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Deep-Sea Garbage Caught on Video

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A Coke bottle with Asian lettering was observed at Davidson Seamount, 60 miles offshore and 5,666 feet below the ocean surface. (MBARI/NOAA)

This Korean Coke bottle was observed at Davidson Seamount, 60 miles offshore and 5,666 feet below the ocean surface. (MBARI/NOAA)

We’ve all heard about the problem of trash in the oceans and seen photos of the Pacific Garbage patch and other plastic “gyres,” which coat hundreds of thousands of square ocean miles with plastic flotsam.

But what happens to the heavy stuff?

New research from the Monterey Bay Aquarium Research Institute shows that trash is also accumulating in the deep sea, as much as two and a half miles beneath the ocean surface. And there’s video to prove it.

MBARI researchers reviewed 18,000 hours of video footage collected by the Institute’s remote operated submarines, or ROVs, over the past 22 years. They found 1,500 observations of garbage, spotted between between Vancouver Island and the Gulf of California, and as far west as Hawaii.

About a third of the garbage was made of plastic, and half of that consisted of plastic bags.

Deep-sea currents wrapped this plastic bag around a deep-sea gorgonian coral almost 7,000 feet below the ocean surface in Astoria Canyon, off the Coast of Oregon. (MBARI)

Deep-sea currents wrapped this plastic bag around a deep-sea gorgonian coral almost 7,000 feet below the ocean surface in Astoria Canyon, off the Coast of Oregon. (MBARI)

Other frequent finds: rope, glass bottles and cloth. Several times, researchers found marine animals trapped in old fishing equipment.

This beer can found its final resting place 8,445 feet underwater, off the coast of Central California. (MBARI)

This beer can found its final resting place 8,445 feet underwater, off the coast of Central California. (MBARI)

In one case, an entire shipping container came to rest on the sea floor about 12 miles outside Monterey Bay. MBARI estimates about 10,000 containers topple off ships a year and become part of the permanent deep sea-scape. (MBARI researchers are now finishing up a study of how these containers affect the ocean environment.)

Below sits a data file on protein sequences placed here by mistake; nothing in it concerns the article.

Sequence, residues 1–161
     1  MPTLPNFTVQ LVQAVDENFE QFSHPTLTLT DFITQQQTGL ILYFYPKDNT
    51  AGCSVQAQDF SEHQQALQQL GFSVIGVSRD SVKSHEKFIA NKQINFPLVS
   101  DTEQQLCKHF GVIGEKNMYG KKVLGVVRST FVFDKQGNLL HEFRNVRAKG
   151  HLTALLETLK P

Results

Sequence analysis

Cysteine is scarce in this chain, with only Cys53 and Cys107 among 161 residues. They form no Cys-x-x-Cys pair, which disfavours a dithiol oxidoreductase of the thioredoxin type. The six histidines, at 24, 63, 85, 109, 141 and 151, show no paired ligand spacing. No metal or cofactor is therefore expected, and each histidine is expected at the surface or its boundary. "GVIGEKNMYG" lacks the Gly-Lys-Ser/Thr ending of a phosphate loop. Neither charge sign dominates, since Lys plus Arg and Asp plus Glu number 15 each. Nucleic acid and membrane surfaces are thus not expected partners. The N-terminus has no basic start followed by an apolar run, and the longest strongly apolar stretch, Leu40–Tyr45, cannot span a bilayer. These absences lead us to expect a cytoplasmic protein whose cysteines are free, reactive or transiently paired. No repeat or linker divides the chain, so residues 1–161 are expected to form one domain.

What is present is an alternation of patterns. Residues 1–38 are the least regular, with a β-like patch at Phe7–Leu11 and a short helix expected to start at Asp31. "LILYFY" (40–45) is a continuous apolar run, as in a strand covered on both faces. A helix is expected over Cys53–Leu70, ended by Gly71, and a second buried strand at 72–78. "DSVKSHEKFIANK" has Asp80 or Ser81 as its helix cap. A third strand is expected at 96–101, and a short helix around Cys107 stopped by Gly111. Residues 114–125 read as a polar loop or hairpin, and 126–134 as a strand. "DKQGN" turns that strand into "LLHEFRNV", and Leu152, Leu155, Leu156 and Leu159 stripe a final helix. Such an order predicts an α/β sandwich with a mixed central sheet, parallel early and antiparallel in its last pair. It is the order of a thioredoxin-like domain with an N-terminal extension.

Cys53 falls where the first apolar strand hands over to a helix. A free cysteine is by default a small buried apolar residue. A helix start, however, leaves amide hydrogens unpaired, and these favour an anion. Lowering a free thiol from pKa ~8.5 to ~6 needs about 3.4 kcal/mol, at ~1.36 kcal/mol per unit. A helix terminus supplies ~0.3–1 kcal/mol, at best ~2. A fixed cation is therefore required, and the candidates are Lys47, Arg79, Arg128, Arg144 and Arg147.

Pieces of cardboard on the seafloor, almost two and a half miles deep. (MBARI

Pieces of cardboard on the seafloor, almost two and a half miles deep. (MBARI

Researchers say that while it’s theoretically possible to do some clean-up, it’d be much better to keep the stuff from getting there in the first place.

A discarded tire sits on a ledge 2,850 feet below the ocean surface in Monterey Canyon. (MBARI)

A discarded tire sits on a ledge 2,850 feet below the ocean surface in Monterey Canyon. (MBARI)

“The most frustrating thing for me is that most of the material we saw — glass, metal, paper, plastic — could be recycled,” notes MBARI’s Kyra Schlining, the study’s lead author.

This 55-gallon drum was observed on seafloor 9,488 feet deep in Monterey Canyon. (MBARI)

This 55-gallon drum was observed on seafloor 9,488 feet deep in Monterey Canyon. (MBARI)

This crab trap was found in Astoria Canyon, off the coast of Oregon, at a depth of 3,580 feet. (MBARI)

This crab trap was found in Astoria Canyon, off the coast of Oregon, at a depth of 3,580 feet. (MBARI)

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Category: Biology, Environment, News, Water

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About the Author ()

As a radio reporter for KQED Science, Amy's grappled with archaic maps, brain fitness exercises, albino redwood trees, and jet-lagged lab rats, as well as modeled a wide variety of hard hats and construction vests. Long before all that, she learned to cut actual tape interning for a Latin American news show at WBAI in New York, then took her first radio job as a producer for Pulse of the Planet. Since then, Amy has been an editor at Salon.com, the editor of Terrain Magazine, and has produced stories for NPR, Living on Earth, Philosophy Talk, and Pop Up Magazine. She's also a founding editor of Meatpaper Magazine.